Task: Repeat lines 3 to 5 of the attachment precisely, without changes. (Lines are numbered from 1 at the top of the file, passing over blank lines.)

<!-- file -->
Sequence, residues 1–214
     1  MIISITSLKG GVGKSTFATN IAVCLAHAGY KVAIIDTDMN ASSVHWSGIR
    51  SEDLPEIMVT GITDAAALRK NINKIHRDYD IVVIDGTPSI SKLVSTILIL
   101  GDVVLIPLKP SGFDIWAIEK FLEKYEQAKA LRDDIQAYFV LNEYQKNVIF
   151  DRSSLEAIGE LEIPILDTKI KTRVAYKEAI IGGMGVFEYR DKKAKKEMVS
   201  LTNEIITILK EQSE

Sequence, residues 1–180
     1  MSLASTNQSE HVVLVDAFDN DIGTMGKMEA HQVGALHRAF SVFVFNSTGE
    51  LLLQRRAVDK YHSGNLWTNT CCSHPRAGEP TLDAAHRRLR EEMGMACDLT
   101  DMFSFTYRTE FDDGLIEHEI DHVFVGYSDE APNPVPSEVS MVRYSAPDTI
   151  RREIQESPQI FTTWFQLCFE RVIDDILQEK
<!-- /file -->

    51  SEDLPEIMVT GITDAAALRK NINKIHRDYD IVVIDGTPSI SKLVSTILIL
   101  GDVVLIPLKP SGFDIWAIEK FLEKYEQAKA LRDDIQAYFV LNEYQKNVIF
   151  DRSSLEAIGE LEIPILDTKI KTRVAYKEAI IGGMGVFEYR DKKAKKEMVS